SAN ANTONIO - With 143 million Americans’ data stolen during the Equifax hack, many are worried identity thieves will open accounts in their name and cause a financial nightmare, but there are some protective tools available. USAA’s Mikel Van Cleave said a fraud alert can make it difficult to open accounts in your name. “A fraud alert basically allows you to flag your credit report for a period of time,” he said.
SAN ANTONIO - Cold coffee cans, Dodge Ram trucks, garden lights and children's slap bracelets are part of this recall roundup. Death Wish Coffee Co., which claims to make the world's strongest coffee, has recalled certain cold cans over concerns they may contain a deadly toxin. The company is recalling its 11-oz. Death Wish Nitro Cold Brew cans because of concerns that the manufacturing process could lead to botulism, a potentially fatal food poisoning.
SAN ANTONIO - With names like power bowls or grain bowls, they sound like they're good for you. So, Consumer Reports' food experts tested 26 different frozen grain bowls for nutrition and taste. Turns out, they found, the all-in-one combos of grains, proteins and veggies are good for you. "The ones that we recommend have less sodium and more fiber than many frozen meals," said Amy Keating, Consumer Reports' nutrition expert. "We were pleasantly surprised, most tasted really good."
Muck Rack makes it simple to find people, tweets, or articles that mention any name, keyword, company, hashtag etc. We've compiled this guide to help you make the most of your search.
Selecting a term
Start searching tweets, articles from media outlets, articles mentioned in tweets, journalists'
names, titles and bios with some suggested searches:
Companies or Topics (e.g. iPhone, Microsoft)
Phrases (e.g. "cloud computing") — use quotes to keep the terms together
Twitter handles (e.g. @username) — returns those who have mentioned or replied to
Names (e.g. "David Pogue")
Hashtags (e.g. #sxsw, #london2012)
Bio details (e.g. vegan, Olympics, father)
Muck Rack's Advanced Search allows for many boolean operators.
Find results that mention multiple specified terms, use AND or
+. For example, ensure each result contains both Elon Musk and Mark Zuckerberg by
searching Obama AND Romney or Obama + Romney.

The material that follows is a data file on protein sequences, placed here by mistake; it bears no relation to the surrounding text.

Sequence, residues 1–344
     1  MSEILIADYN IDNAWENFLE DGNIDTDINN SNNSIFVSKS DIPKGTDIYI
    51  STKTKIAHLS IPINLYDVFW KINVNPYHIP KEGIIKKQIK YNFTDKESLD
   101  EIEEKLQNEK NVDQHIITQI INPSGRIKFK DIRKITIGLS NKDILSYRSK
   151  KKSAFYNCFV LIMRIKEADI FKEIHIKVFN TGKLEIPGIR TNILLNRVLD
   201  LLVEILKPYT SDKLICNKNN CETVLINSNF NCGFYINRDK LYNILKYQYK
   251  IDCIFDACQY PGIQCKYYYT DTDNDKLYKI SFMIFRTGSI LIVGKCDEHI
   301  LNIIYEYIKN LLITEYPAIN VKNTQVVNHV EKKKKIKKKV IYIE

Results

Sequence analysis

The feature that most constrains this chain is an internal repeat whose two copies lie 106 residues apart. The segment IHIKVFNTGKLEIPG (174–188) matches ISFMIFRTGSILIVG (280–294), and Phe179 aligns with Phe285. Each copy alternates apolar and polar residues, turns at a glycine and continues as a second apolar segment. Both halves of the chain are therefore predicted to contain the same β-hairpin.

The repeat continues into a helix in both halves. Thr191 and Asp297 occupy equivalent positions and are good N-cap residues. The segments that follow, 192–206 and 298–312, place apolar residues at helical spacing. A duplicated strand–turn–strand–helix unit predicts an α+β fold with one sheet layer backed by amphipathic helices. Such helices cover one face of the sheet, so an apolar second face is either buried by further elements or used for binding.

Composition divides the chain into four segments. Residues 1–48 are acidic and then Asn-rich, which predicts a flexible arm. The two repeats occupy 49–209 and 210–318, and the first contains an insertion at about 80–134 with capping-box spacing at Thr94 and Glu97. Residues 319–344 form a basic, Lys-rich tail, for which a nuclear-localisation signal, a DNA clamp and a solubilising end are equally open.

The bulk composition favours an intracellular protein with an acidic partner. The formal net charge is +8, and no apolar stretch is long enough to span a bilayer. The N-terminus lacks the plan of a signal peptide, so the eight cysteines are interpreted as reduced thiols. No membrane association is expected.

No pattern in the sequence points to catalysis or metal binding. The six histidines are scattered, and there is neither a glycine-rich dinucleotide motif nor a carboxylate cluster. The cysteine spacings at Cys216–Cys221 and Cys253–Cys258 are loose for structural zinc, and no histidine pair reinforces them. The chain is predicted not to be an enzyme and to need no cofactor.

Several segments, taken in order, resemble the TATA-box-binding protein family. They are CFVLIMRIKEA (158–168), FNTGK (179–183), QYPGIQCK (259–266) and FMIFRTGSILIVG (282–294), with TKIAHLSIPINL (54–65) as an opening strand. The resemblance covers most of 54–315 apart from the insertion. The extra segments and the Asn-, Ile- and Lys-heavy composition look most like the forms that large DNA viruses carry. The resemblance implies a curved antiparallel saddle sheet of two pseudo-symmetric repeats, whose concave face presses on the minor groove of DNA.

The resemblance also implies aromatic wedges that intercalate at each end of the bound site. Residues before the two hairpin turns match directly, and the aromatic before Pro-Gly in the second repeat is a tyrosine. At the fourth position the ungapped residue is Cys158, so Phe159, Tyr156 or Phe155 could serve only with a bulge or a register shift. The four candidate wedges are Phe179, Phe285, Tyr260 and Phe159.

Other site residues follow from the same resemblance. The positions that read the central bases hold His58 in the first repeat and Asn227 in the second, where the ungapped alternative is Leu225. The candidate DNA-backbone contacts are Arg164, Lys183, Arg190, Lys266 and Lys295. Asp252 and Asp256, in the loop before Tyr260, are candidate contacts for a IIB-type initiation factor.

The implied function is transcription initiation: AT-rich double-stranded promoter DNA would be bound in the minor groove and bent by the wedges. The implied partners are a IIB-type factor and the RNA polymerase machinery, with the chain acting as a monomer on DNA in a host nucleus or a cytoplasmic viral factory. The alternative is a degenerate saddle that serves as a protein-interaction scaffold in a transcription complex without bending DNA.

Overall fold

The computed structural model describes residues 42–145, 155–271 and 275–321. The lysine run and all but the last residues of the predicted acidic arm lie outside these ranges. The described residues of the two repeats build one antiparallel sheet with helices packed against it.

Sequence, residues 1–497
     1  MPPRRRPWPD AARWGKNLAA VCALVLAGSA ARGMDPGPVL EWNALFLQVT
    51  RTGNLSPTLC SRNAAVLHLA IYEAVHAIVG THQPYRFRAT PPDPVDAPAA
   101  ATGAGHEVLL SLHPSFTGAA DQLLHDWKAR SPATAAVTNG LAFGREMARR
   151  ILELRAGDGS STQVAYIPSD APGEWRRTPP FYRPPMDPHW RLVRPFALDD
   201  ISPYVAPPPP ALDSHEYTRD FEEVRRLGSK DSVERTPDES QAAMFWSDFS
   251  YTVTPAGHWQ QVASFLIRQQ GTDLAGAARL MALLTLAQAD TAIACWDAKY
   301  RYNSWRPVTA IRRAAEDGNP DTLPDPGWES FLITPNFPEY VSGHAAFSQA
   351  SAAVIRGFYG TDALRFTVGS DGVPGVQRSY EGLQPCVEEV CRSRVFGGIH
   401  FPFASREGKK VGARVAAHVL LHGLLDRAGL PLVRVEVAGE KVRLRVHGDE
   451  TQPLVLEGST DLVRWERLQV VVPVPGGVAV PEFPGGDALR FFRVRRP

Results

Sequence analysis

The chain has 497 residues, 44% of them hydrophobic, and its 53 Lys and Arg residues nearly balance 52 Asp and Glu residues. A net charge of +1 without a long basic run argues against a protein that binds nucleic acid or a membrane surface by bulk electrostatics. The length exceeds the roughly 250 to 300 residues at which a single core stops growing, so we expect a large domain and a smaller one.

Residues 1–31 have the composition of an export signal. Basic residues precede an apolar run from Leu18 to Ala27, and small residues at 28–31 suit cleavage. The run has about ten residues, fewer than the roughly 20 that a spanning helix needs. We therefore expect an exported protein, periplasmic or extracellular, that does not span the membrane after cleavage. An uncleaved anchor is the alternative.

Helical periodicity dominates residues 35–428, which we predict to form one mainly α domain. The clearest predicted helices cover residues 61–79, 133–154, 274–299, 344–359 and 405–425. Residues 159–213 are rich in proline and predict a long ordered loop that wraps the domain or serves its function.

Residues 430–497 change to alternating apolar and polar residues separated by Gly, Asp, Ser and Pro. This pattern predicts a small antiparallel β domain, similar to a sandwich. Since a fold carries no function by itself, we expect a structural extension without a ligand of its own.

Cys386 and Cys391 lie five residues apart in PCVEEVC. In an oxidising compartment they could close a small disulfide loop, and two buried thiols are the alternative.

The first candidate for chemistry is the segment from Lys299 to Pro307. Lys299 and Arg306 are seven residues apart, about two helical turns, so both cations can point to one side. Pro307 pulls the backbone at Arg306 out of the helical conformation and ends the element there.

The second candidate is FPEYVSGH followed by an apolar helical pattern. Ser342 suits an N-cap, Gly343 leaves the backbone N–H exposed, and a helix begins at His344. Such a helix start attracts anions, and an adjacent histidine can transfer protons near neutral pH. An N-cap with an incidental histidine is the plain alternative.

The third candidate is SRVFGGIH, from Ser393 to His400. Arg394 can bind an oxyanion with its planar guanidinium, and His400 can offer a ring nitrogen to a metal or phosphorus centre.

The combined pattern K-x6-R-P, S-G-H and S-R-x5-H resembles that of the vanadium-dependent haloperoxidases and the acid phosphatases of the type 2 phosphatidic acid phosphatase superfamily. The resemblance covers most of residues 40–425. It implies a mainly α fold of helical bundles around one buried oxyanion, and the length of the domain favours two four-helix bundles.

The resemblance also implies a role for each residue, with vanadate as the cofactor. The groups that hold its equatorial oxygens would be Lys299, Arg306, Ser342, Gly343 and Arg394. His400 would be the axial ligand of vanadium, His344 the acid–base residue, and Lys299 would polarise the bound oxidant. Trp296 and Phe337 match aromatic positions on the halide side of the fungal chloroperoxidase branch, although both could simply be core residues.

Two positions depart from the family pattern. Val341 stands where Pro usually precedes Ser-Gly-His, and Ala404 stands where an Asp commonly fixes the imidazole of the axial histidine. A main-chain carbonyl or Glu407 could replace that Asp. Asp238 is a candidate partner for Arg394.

Use the operators OR or , to broaden your search when you'd like either of
multiple terms to appear in results. (This is the default behavior of our search when no operators
are used.) For example, search for democrat OR republican to find results that refer to
Democrats and/or Republicans.
Use NOT or - to subtract results from your search. For
example, searching Disney will yield results about the Walt Disney Company as well as Walt Disney
World Resort. To exclude mentions of Disney World, search for Disney -World or Disney
When using one of these operators with a phrase, enclose it in quotation marks. For example, you can
find results about smartphones excluding Apple's iPhone 4S by searching smartphone -"iPhone
Exact case matching or punctuation
If you're searching for a brand name or keyword that relies on specific punctuation marks or capitalization, you can
find results that match your exact query by adding matchcase: before the keyword you're searching for, like matchcase:E*TRADE .
Use parentheses to separate multiple
boolean phrases. For example, to find journalists talking about having fun in Disney World or
Disneyland, search for ("disney world" OR disneyland) AND fun.
An asterisk can be used to search for any variation of a root word truncated by the asterisk. For example, searching for admin* will return results for administrator, administration, administer, administered, etc.
A near operator is an AND operator where you can control the distance between the words. You can vary the distance the near operation uses by adding a forward slash and number (between 0-99) such as strawberries NEAR/10 "whipped cream", which means the strawberries must exist within 10 words of "whipped cream".